“Hurry up Astropup, the Government forces are counter-attacking.”

Lasers were already shooting through the open door and bouncing around the spaceship.

“Astropup, I think we’ve had it,” said Marlow.

“Not yet, you haven’t,” said a sleepy, squawky, unmistakable voice.

“Parrot,” I said, “Is it you?”

“No it’s your mother,” he replied. Before adding: “Of course it’s me, who did you think it was?” I could see him now, sitting in a cage suspended from the rafters of the ship.

“Well you could be the alien parrot,” said Marlow, “And you could be the Presidential Parrot.”

“No,” I woofed, “That’s him alright, my old friend the President. Only he could be sarcastic at a time like this.”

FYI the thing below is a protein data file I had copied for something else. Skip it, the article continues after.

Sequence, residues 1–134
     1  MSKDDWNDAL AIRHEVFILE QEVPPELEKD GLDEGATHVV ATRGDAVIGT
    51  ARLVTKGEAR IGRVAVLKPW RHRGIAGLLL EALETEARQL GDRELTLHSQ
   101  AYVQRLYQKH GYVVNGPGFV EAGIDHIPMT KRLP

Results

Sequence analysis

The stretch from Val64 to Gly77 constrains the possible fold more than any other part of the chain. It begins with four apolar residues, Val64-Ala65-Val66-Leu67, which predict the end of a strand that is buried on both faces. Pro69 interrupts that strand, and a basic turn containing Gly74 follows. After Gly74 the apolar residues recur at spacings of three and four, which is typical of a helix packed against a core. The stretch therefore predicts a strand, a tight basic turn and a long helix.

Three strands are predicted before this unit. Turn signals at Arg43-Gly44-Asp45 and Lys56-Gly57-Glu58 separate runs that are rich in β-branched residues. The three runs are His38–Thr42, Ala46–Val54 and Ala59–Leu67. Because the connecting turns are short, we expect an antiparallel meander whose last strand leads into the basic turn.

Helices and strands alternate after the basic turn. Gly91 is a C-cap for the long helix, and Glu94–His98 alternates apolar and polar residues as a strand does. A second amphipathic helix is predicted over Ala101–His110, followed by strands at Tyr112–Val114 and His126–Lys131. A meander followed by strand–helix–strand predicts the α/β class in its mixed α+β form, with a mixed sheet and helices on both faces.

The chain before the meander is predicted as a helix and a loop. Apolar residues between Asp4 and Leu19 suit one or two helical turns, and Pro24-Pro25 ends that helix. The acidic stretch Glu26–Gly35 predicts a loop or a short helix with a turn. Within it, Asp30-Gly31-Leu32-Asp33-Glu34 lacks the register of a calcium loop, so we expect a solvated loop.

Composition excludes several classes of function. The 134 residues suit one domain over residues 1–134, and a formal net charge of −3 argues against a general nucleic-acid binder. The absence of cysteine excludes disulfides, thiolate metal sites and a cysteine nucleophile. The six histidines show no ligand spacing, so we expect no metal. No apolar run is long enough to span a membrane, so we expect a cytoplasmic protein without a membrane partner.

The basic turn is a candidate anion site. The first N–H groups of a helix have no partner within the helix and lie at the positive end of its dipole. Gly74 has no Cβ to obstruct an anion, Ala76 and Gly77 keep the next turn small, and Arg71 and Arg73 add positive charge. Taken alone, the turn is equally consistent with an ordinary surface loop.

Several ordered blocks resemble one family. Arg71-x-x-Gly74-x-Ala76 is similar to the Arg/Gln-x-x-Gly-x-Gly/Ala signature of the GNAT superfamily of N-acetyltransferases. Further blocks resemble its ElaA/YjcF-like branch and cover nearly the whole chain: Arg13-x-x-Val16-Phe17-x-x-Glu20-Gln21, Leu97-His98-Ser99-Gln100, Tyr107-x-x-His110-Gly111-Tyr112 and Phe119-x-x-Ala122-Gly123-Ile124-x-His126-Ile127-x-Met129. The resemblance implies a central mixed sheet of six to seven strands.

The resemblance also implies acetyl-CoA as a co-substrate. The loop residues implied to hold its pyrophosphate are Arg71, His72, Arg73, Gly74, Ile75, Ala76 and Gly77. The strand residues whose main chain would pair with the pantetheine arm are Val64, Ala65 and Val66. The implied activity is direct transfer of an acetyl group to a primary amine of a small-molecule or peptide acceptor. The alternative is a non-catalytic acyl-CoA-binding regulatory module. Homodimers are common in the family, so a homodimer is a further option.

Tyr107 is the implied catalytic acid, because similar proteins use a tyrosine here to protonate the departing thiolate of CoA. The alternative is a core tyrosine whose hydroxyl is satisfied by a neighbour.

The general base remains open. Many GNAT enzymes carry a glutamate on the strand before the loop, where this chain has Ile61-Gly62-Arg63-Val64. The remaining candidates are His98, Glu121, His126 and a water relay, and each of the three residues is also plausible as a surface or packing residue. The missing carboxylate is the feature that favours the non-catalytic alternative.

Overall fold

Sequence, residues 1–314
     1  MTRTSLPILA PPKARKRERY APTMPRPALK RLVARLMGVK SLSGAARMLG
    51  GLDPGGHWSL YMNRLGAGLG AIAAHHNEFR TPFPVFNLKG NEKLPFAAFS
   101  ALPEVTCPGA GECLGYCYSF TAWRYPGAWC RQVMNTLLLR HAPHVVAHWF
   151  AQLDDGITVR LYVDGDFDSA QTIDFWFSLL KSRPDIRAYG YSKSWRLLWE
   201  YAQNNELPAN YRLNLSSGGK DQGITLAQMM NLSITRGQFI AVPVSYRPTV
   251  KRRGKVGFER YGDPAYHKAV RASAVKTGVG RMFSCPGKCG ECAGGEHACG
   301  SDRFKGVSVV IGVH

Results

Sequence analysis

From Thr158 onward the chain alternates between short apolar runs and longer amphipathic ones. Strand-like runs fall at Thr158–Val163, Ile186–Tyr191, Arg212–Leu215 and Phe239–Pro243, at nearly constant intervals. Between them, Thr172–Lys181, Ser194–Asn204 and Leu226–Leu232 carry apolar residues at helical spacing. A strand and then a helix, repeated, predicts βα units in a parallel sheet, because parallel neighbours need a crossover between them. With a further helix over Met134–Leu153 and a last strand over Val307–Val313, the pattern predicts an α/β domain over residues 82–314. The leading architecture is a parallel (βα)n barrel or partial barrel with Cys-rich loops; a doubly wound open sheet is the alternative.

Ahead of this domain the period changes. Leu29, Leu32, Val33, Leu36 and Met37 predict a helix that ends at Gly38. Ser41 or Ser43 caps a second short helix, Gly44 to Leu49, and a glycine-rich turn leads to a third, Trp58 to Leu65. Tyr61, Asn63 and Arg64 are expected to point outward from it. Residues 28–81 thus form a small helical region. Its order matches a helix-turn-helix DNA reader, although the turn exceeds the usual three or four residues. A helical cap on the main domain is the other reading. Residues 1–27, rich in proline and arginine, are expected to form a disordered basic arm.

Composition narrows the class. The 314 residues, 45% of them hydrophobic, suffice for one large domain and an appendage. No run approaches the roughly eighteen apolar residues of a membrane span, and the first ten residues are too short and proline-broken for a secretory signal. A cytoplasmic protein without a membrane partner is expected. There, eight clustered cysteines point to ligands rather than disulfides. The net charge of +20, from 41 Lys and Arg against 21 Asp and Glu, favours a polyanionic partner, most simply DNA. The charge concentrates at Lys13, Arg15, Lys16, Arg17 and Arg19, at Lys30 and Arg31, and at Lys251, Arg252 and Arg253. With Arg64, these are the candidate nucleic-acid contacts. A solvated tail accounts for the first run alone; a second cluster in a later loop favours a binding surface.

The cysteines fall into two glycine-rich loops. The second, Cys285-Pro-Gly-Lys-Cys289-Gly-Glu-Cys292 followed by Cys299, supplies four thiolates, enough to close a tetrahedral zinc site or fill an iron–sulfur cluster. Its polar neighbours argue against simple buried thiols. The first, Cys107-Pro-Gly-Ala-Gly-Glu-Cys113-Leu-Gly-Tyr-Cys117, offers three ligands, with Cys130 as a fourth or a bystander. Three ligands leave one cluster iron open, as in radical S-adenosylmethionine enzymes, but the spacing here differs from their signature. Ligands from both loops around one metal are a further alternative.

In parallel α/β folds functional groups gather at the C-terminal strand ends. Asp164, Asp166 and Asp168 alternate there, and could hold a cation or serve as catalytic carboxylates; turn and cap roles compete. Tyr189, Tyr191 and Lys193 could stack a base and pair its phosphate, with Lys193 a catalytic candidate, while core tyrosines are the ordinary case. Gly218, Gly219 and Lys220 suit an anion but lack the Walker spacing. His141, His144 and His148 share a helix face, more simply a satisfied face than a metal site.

“Are we playing, 'Guess who I am', or are we trying to make a spectacular escape?” asked the Parrot.

“We’re trying to guess who you are,” I said.

“Well I suggest that Marlow gets over to the control panel and I tell him how to fly this object,” said the President.

Which was how, just as the Government forces were about to board us, the whole ship rose up above the harbour and fired lasers back down at them. From the ground it must have looked like the War of the Worlds. I watched the laser show from one of the portholes, and it was pretty good to see our attackers scattering this way and that. “Woof Woof Woof!" I barked, “serve you right for backing the wrong parrot.”

“Head for the palace!” screeched the right Parrot. “I’m going to un-perch that imposter!”